New Wells Encouraging, But Brown Dense Viability Still Debated

by Luke Jones  on Monday, Sep. 10, 2012 12:00 am  

Steve Mueller, CEO of Southwestern Energy Co.

As Southwestern Energy Co. drills more test wells in the Lower Smackover Brown Dense formation, preliminary results are coming back looking more and more promising.

Robert Reynolds, president of Shuler Drilling Co. of El Dorado, said the BML well in Louisiana has been "very encouraging," but Southwestern likely won't report any initial production numbers until the end of the year. Reynolds has been involved in the oil and gas industry in south Arkansas for almost 40 years.

"They have improved substantially," Reynolds said. "The first well drilled in Columbia County, by the short name Roberson, had a peak day of something like 103 barrels of oil. It never made as much as 103 before, and it hasn't made that much since."

The Garrett well in Claiborne Parish, La., peaked at 306 barrels, and the BML well in Union Parish had similar numbers.

The industry has several ways of presenting its production numbers. Even though Southwestern has reported some numbers, they do not represent the official answer to the play in question.

"In the oil and gas industry, state regulation agencies - and Arkansas and Louisiana are very similar in this respect - require us to report what is called initial production or, in industry jargon, what we abbreviate as IP," Reynolds said.

That means once the well has been drilled, the stone hydraulically fractured and the oil tapped, the number is the first full day of production for the well. However, none of the wells in the brown dense is "in production" per se.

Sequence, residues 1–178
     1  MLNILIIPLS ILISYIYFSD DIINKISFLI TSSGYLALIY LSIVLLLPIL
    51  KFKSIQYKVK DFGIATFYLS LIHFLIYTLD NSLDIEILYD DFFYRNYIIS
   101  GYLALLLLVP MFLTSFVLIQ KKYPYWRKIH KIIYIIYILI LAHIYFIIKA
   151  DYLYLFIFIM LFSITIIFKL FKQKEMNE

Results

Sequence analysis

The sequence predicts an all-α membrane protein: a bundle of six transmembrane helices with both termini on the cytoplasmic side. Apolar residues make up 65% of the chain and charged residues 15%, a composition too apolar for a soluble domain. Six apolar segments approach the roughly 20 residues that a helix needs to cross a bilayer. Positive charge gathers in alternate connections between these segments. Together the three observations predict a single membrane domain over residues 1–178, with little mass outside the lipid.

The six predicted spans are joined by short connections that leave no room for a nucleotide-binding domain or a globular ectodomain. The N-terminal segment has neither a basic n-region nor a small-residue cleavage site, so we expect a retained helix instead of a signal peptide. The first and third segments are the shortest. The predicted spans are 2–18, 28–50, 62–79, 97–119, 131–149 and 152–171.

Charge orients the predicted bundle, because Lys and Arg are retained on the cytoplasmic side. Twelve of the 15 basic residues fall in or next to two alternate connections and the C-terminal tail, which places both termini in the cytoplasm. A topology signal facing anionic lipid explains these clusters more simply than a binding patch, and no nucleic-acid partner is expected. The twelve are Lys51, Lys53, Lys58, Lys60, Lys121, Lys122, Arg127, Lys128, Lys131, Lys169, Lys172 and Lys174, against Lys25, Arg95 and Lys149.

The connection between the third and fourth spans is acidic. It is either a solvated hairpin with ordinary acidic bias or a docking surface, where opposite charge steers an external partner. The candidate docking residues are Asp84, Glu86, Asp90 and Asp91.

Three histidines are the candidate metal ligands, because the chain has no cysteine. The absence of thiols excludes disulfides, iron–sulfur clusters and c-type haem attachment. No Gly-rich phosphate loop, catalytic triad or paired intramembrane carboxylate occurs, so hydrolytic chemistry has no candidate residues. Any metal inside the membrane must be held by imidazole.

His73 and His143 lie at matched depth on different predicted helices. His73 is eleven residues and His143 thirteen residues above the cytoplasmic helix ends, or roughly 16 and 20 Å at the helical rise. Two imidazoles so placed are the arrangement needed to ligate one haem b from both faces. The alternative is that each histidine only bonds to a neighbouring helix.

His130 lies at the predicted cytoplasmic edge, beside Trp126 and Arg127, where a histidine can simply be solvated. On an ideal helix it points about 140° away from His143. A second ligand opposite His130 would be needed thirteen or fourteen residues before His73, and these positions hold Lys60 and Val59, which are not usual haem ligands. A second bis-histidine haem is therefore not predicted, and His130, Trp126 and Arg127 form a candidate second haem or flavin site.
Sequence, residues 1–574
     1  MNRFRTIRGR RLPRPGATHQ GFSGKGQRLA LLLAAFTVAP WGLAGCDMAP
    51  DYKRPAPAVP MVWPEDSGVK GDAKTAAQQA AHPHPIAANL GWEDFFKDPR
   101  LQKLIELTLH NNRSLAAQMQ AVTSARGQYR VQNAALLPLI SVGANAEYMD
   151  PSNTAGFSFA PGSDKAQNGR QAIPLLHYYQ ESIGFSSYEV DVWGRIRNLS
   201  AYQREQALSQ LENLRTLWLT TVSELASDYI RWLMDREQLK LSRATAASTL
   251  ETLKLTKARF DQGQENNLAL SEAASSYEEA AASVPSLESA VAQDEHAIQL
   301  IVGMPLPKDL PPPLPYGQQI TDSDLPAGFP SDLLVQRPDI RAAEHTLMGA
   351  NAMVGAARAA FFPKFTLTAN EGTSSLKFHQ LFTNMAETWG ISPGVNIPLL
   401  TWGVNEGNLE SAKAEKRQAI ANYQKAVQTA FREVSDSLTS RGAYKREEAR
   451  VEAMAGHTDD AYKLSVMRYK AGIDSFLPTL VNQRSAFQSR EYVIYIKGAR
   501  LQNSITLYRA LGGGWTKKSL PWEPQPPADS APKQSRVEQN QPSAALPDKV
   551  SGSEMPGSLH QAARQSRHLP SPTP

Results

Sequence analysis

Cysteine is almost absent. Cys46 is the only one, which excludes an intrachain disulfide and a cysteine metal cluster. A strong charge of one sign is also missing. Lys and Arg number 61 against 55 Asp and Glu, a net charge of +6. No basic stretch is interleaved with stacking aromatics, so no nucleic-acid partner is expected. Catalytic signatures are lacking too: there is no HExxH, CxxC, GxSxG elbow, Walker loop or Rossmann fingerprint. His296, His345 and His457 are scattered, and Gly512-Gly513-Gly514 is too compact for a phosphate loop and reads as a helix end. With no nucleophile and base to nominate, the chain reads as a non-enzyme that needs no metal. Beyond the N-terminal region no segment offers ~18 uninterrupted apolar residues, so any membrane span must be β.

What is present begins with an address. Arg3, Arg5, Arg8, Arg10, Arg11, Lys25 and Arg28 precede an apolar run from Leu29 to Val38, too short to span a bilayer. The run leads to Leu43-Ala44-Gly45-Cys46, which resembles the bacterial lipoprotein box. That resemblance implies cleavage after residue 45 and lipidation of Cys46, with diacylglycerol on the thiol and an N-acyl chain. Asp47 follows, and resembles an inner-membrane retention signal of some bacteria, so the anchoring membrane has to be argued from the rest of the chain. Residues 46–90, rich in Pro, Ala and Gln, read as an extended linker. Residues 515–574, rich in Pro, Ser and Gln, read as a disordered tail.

"An IP is when you put your well into formal production on an ongoing basis," said Larry Bengal, director of the Arkansas Oil & Gas Commission. "That's your IP. They never got into that."

"Even though they've physically completed the well, they are still testing," Reynolds said. "They've not filed completion reports with the regulatory agency. It's that completion report file ... that tells the IP."

The oil from the test well is sold, but the wells are then plugged and abandoned until the drilling company decides whether continuing to produce oil would be viable. Instead of IP, Southwestern has reported "peak day" numbers to investors.

"Peak is not a standard industry-type concept," Reynolds said. "It was invented to describe what they're doing."

The huge amount of hydraulic "frack" fluid involved in the well jobs, Reynolds said, meant that the peak oil production times occurred as the used frack fluid flowed back out of the well.



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